Articulation - Rocksteady 2/10, Shredder 6/10, Bebop 7/10, Turtles 8/10The three Turtles have seventeen to nineteen points of articulation with combination rotating/hinge joints at the knees, hips, elbows and shoulders and ball jointed necks. Raphael also has rotating wrists. That gives them a decent range of motion, though you occasionally have to have the elbows bent in an unnaturally fashion depending upon how you want the hands positioned. Rocksteady has seven rotating joints: hips, shoulders, wrists and neck. The range of motion for his articulation is next to nothing though. By contrast Shredder and Bebop both have much greater flexibility and range of motion. Shredder is limited by the awkward pose that are a permanent part of his arms and legs.
Accessories - Bebop 2/10, Shredder 3/10, others 5/10Each of the figures recycles not only the body molds of the previous figures, but their accessories as well, or at least most of them. Bebop and Rocksteady have their same accessories, a pair of bombs for Bebop and a hammer and sickle for Rocksteady. Bebop's are so small that you may as well throw them directly into your vaccuum. And Rocksteady's limited articulation means he can't really do much with his either. Shredder just has his helmet. The helmet is nice, but as I said before, it is a bit strange since it doesn't match his other armor. And I don't know why they skimped and didn't include his cape as well. Each of the Turtles has a pair of their signature weapons, though all of them are fairly simple and none are painted.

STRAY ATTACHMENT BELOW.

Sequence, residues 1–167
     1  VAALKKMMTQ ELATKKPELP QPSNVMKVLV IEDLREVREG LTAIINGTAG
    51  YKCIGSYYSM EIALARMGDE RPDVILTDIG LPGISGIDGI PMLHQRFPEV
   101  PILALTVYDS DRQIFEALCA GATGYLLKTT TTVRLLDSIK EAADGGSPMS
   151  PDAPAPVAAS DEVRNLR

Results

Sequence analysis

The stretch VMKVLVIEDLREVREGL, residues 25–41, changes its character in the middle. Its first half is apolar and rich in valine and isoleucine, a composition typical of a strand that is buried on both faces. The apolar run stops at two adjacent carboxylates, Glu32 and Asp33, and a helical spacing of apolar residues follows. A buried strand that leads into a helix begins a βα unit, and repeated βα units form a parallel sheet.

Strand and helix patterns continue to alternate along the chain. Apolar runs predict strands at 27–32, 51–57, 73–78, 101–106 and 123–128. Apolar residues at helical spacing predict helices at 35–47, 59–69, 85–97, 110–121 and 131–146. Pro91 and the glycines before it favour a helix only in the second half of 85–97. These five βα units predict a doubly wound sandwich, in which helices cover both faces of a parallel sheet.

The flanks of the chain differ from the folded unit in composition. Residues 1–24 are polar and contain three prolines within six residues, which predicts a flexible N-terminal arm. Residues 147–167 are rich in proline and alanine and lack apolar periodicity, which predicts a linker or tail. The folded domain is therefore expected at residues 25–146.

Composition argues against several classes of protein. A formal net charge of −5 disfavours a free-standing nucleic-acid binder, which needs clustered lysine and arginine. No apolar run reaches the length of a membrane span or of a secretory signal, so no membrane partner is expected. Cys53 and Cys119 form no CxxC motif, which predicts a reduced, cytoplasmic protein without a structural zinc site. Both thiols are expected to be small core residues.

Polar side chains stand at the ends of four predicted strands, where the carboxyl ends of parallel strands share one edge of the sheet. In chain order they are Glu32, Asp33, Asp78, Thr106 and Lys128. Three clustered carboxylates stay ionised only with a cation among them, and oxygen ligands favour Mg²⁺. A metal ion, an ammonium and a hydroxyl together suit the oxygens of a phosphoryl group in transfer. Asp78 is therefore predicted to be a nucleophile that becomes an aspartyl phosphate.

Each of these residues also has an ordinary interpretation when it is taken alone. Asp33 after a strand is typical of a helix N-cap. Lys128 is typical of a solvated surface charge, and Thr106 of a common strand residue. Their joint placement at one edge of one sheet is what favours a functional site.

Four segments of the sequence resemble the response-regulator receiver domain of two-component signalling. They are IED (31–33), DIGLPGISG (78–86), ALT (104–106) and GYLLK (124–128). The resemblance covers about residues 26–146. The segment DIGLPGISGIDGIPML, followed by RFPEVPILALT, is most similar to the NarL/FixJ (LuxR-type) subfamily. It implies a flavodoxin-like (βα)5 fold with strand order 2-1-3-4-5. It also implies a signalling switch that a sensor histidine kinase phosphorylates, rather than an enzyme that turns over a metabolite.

Features - Bebop 5/10, others 0/10I didn't mention it in my recent review of the series twelve figures, but Bebop actually does have a built in action feature. There are wheels embedded in his heels and backpack that are meant to allow the figure to roll up or down a wall or other smooth surface. It works, technically. I mean there is slightly less friction thanks to the wheels than if you just dragged a regular figure. But he doesn't roll freely. Still, he is the first figure I've had with a working pair of built-in sneaker skates.
Value - 4/10The Goodie vs Baddie twin packs are not sold in the United States. So I don't actually know how much they sold for originally. I bought my sets off of eBay and paid around $20 each for them. But of course, the price will vary depending upon where you are buying them. For what I paid, they can't really be considered a good deal. But the price is also not so high as to be unreasonable for an imported exclusive.
Happy Hunting:The Goodie vs Baddie twin packs were released in the UK in the spring/summer of 2015. I don't really know exactly how wide of a release they received though. I do have sets with both the regular Playmates Toys logos and ones that also include Flair and Giochi Preziosi. (two other toy companies/distributors in Europe) So they may have been available more widely. But for those of us on the wrong side of the Atlantic Ocean, the secondary market such as eBay is your best option for finding them.